Available for Interviews:
Dr. Karyn Eilber, Dr. Jennifer Anger, Dr. Victoria Scott
Interview one or all of the “Down There Doctors.” Dr. Eilber, Dr. Anger, and Dr. Scott are a team of urogynecologists and a powerful resource for all things people are generally hesitant to discuss. They are also the authors of the newly released book, A Woman’s Guide to Her Pelvic Floor: What the F*@# Is Going on Down There?
What the Doctors Can Say about
the Latest in Women’s Health:
Myths of Menopause
1) Hormone replacement therapy is dangerous. The risks are actually very low, and hormones can be very effective in managing symptoms of menopause.
2) Menopause will affect one’s memory and mood. Although hot flashes and symptoms of menopause can impact one’s mood, menopause does not cause depression. Similarly, memory loss can occur with aging, but not menopause.
3) Menopause will cause weight gain. With aging, our metabolism slows down, and exercise and good eating habits are needed to maintain a healthy weight. Weight gain is not inevitable with menopause.
4) There is no relief for hot flashes. There are many ways that hot flashes can be relieved. The most time-tested treatment is an estrogen replacement, which effectively manages hot flashes. However, a non-hormone prescription medication, fesolinetant, was recently FDA-approved for managing hot flashes.
5) Menopause will ruin my sex life. Low libido often occurs with aging and, like weight gain or memory loss, coincides with menopause. However, menopause does not mean that one sex life is over. Women who wish to maintain a healthy, sex life definitely will. Sometimes additional help is needed, such as a vaginal lubricant or vaginal estrogen. It should be noted that many women feel that their sex life is better after menopause, because they no longer have to worry about becoming pregnant, and they no longer have many of the stressors that they did before menopause.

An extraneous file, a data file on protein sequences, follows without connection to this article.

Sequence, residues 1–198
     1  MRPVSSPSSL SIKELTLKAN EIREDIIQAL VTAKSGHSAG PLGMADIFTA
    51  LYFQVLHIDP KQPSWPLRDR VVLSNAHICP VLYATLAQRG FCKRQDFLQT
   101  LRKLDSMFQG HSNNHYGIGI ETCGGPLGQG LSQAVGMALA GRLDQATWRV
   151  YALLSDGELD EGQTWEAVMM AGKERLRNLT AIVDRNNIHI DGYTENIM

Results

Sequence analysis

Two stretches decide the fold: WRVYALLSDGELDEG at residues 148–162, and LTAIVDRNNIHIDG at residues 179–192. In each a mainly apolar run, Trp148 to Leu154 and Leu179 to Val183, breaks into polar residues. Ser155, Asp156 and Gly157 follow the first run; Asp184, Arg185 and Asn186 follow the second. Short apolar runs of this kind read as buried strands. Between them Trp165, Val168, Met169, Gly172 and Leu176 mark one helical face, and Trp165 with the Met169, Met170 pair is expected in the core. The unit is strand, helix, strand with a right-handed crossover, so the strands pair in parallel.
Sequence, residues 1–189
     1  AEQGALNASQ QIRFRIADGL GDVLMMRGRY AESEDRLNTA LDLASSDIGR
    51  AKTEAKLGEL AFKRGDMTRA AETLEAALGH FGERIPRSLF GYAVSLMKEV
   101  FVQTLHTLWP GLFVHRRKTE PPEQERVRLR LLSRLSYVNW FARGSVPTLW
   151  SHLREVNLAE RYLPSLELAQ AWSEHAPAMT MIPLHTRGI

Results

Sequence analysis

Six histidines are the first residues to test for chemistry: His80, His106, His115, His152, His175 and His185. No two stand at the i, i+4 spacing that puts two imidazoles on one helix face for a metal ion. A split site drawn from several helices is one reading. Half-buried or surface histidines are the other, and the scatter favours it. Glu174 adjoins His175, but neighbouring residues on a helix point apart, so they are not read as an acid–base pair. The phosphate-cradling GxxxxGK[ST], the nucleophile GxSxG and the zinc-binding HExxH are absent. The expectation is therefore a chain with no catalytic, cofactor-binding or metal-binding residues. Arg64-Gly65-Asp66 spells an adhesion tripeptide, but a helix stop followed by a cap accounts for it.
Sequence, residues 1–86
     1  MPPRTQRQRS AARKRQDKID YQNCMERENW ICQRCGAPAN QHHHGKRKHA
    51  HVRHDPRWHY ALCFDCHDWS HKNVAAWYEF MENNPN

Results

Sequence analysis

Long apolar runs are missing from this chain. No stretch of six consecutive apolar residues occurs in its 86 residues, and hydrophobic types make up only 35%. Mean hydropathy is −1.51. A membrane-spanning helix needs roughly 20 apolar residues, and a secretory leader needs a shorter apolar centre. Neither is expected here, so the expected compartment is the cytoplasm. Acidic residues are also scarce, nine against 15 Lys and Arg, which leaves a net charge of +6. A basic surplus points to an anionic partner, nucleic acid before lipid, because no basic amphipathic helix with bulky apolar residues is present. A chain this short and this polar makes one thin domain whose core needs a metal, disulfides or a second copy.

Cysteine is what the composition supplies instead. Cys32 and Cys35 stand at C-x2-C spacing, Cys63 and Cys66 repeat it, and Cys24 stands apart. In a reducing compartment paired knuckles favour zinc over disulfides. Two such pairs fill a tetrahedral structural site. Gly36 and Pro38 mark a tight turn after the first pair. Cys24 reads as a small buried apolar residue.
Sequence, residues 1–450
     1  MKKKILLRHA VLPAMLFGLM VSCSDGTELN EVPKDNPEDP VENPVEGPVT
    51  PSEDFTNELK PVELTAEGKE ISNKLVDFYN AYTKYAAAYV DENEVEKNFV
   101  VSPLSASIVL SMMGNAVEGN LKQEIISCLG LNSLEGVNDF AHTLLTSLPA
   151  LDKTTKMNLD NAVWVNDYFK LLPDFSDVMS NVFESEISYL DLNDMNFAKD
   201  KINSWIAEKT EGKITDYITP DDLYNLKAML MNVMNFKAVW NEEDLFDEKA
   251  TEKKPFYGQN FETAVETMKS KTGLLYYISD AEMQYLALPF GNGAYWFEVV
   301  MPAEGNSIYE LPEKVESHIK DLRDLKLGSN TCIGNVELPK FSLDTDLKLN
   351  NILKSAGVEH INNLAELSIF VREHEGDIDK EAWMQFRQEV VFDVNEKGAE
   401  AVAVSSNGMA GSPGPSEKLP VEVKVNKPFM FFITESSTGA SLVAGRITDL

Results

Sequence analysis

Treating Menopausal Symptoms
While caring for women over many years (and being women physicians ourselves), we have noticed that many women often put their own needs on the backburner due to family and work obligations. To maximize a woman’s time when discussing menopause with her doctor, here are a few things women should consider when dealing with menopausal symptoms:
- Hormone Therapy. Hormone therapy is best when started within the first ten years after menopause. After that, the benefits of hormone therapy decrease, and the risk of things like stroke increases.
- Supplements. Best supplements for menopause:
- Black cohosh: several studies have found that it helps with hot flushes (just don’t take it if you have liver problems)
- Flaxseed oil also has evidence that it helps with night sweats
- Calcium: women over 51 need 1,200 mg a day to help with bone loss
- Vitamin D at 600 IU per day also good for bone loss
- Acupuncture. A recent study showed that after 5 weeks of acupuncture, symptoms of hot flushes, mood swings, sleep disturbances, and skin and hair problems improved
- Keep Cool. Carry a personal fan or water spritzer. As soon as you feel a hot flush coming on, aim the fan or spray water right on your face, and it can stop that heat right in its tracks.
What one woman experiences during menopause is likely very different from another woman–and what works for one woman may not work for another. Treatment should be aimed at a woman’s individual symptoms.
Dr. Eilber, Dr. Anger, and Dr. Scott are the “Down There Doctors,” who are a team of urogynecologists and are a powerful resource for all things people are generally hesitant to talk about. They are also the authors of the newly released book, A Woman’s Guide to Her Pelvic Floor: Watt the F*@# Is Going on Down There?
They are urogynecologists committed to improving women’s lives by providing education and treatment for pelvic health problems. They are moms, wives, wellness experts, and surgeons who are passionate about using evidence-based medicine, holistic approaches, and our combined 50 years of experience to motivate and empower women with knowledge and control over what is going on down there!
The Down There Doctors wrote this book because they felt it was long overdue and felt women shouldn’t have to figure out many difficult things on their own.
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